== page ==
A female red-eyed tree frog has laid a batch of eggs on a leaf. She chose the spot carefully—the leaf hangs over a pond.
When the eggs are ready to hatch, the tadpoles inside start swirling around vigorously. The activity breaks each egg open, releasing the little tadpoles. All the tadpoles wash down the leaf in a little stream of moisture from the hatching eggs, and—plop! plop! plop!—they land in the pond below.
Feeding on tiny insects, the tadpoles live in the water they fell into until they metamorphose, or develop, into little brown froglets. At this point they leave the water and climb up nearby trees to live as tree frogs.
By the time they're adults, the frogs have turned a striking green, with blue-and-yellow striped sides, orange or red feet, a flash of blue on their thighs, and big red eyes. The bright colors are a defense mechanism.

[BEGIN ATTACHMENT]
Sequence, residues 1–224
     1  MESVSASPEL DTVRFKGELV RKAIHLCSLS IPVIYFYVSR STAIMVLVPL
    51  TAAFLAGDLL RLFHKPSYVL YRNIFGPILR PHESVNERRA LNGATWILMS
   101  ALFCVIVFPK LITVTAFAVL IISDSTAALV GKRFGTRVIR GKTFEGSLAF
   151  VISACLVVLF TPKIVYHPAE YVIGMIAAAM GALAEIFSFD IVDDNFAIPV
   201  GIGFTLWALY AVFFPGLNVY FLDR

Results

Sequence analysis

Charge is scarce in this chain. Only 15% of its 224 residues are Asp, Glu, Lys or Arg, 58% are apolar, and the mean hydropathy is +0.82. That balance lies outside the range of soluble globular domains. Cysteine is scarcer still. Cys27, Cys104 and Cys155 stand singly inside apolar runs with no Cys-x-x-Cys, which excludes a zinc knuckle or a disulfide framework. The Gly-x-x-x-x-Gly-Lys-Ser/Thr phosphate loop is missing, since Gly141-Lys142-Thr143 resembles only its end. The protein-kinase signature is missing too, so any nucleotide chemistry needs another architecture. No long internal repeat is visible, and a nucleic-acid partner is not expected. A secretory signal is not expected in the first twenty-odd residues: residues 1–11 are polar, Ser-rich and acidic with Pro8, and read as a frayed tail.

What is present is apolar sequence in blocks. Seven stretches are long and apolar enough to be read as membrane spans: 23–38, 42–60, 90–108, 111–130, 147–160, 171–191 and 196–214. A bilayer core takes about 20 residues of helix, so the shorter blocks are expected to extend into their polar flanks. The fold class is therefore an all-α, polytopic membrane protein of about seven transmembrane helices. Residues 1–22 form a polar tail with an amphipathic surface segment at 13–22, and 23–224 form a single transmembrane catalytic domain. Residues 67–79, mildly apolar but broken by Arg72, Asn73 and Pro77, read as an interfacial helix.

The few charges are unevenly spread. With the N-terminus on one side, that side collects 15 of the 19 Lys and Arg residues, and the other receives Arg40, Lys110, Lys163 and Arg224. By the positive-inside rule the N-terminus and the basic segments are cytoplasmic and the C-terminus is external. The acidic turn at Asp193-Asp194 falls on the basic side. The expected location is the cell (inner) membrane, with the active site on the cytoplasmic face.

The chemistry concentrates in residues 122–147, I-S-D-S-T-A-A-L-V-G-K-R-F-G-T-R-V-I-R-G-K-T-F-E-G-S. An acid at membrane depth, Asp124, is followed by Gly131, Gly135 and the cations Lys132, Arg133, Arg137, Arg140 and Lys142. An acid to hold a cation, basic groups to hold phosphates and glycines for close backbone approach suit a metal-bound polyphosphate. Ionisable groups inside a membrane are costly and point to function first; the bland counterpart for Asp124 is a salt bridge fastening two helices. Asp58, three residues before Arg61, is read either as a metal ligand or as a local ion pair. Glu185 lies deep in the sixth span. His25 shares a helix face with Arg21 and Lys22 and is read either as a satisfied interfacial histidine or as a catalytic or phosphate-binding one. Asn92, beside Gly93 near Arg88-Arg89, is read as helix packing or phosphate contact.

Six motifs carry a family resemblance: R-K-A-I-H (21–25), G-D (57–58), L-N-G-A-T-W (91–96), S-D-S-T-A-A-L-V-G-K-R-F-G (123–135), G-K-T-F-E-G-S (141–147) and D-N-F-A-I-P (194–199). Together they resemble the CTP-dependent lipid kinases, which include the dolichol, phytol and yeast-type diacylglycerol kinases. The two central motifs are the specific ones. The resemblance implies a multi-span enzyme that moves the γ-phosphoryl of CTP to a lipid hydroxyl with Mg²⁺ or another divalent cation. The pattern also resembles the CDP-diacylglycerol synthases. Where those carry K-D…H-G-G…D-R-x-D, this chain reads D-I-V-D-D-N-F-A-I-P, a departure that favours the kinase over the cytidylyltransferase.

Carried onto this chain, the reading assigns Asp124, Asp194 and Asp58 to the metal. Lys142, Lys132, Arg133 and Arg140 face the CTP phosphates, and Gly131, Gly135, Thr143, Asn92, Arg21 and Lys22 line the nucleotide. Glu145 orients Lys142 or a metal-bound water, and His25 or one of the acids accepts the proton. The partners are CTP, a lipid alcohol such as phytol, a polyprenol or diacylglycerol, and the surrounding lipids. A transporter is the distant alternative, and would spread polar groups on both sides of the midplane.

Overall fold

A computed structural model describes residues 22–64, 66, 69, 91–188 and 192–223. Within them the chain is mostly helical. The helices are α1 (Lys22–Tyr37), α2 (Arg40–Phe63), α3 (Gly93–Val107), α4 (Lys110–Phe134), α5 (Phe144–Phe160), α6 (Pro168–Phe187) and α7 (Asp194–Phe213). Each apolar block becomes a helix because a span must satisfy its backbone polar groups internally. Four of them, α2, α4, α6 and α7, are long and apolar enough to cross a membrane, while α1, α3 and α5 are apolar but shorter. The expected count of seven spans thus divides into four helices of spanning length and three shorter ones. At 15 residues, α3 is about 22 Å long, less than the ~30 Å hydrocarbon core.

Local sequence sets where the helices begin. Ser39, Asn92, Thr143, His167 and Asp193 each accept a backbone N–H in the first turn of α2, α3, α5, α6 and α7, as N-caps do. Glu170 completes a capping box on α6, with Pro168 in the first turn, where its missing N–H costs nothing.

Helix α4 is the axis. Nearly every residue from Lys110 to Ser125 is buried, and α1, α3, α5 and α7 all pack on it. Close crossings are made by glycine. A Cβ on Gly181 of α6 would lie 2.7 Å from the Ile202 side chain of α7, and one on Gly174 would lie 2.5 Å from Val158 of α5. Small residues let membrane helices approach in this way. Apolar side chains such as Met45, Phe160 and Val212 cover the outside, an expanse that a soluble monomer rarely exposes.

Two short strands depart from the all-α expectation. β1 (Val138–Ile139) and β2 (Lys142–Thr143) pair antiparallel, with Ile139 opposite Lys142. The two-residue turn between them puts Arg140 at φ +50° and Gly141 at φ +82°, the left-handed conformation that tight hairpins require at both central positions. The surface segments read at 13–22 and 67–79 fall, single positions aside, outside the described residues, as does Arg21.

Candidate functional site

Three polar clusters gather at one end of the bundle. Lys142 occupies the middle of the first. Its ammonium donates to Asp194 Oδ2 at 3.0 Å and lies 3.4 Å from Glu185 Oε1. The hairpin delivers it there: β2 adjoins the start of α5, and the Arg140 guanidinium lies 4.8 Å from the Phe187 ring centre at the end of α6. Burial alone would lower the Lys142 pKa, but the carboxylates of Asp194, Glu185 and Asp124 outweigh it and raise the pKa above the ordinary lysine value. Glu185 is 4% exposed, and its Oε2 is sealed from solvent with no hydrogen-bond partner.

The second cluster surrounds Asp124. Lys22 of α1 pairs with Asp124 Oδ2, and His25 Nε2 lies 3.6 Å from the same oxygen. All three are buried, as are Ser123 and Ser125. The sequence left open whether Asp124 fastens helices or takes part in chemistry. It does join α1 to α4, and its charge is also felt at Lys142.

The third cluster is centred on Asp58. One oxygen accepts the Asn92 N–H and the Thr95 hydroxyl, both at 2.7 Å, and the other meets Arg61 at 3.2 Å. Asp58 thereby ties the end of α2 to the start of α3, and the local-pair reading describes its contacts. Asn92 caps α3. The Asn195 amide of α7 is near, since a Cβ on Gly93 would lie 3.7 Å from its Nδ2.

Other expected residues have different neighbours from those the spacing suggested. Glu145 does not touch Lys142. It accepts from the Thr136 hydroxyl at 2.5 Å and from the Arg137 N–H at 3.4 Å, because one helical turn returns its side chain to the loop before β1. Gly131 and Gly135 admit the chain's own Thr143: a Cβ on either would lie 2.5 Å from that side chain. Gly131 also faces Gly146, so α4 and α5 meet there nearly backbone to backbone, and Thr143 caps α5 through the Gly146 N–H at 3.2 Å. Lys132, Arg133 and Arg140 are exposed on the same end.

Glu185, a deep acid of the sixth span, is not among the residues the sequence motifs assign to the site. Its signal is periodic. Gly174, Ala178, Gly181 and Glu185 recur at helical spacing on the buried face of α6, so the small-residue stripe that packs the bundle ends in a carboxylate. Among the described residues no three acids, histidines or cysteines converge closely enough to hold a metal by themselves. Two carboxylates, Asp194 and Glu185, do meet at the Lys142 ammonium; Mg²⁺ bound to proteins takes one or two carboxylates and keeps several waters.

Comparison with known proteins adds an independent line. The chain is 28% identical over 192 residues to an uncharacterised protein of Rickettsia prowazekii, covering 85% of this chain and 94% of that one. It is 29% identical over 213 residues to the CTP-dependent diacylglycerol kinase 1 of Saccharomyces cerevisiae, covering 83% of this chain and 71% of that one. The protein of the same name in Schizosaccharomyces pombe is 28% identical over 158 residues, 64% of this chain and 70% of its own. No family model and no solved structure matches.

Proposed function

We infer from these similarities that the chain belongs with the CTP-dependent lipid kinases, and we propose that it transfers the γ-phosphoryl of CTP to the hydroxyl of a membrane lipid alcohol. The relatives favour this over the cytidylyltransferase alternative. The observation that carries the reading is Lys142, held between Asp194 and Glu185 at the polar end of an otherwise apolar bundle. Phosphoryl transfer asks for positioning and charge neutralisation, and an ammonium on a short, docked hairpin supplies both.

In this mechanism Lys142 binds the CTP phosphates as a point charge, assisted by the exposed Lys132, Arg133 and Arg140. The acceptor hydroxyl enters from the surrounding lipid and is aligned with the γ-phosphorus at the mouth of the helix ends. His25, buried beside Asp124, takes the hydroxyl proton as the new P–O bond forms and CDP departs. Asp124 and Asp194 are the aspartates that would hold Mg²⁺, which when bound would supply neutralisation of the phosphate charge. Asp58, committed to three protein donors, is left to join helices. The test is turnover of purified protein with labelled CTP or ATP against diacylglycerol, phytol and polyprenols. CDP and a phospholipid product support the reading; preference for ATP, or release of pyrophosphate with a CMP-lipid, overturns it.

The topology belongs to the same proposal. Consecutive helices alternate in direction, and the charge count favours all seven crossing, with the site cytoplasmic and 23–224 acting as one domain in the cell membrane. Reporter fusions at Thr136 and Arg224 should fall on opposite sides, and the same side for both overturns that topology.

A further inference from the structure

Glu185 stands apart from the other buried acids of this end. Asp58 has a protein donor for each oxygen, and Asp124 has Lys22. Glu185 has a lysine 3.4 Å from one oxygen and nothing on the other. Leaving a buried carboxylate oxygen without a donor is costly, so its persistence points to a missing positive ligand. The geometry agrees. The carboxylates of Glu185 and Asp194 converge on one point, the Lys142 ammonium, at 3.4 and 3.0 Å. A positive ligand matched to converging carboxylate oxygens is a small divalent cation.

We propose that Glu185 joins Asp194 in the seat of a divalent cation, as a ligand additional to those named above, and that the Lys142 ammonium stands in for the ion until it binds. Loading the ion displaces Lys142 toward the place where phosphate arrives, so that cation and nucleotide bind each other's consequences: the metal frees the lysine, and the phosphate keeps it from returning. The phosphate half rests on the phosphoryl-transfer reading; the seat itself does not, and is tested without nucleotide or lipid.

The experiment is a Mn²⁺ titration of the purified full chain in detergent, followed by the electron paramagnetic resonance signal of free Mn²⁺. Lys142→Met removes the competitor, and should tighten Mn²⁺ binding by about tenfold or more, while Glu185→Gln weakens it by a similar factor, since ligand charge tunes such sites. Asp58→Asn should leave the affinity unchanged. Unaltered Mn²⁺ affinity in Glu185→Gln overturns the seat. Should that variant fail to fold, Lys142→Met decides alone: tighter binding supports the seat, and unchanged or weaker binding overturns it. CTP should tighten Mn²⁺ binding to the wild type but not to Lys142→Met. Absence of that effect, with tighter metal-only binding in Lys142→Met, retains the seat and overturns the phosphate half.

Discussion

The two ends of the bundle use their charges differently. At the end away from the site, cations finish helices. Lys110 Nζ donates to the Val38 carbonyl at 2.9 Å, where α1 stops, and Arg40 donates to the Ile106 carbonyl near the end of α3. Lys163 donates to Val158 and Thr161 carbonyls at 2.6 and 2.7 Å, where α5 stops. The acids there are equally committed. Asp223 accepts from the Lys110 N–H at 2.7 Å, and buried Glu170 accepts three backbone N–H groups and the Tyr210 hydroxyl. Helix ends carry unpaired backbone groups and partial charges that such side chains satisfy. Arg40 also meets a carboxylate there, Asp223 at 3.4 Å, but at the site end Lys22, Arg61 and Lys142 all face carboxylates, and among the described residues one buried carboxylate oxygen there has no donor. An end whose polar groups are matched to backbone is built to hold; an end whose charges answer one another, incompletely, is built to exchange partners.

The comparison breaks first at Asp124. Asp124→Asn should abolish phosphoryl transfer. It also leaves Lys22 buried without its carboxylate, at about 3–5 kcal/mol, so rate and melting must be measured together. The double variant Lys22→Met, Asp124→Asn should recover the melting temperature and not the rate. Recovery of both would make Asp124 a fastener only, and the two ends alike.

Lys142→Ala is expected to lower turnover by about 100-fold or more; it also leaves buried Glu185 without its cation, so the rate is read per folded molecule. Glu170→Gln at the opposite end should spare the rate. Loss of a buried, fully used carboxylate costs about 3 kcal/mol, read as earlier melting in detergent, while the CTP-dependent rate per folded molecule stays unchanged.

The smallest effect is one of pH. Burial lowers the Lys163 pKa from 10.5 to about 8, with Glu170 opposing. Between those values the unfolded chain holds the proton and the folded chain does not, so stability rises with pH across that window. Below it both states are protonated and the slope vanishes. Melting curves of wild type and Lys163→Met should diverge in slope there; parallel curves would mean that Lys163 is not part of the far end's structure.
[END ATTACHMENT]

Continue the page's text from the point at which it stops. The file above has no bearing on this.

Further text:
Being green helps the red-eyed tree frog blend in with tree leaves. If the green camouflage fails and a predator spots a sleeping frog, it swoops in for what it thinks will be a tasty meal. But the awakened frog's eyes pop open, revealing their startling bright red color!
Also, when the frog rushes to get away, it untucks its brightly colored legs. The predator is often so surprised by these sudden flashes of color that it is momentarily confused and hesitates. And while it does, the frog has a split second to make its escape!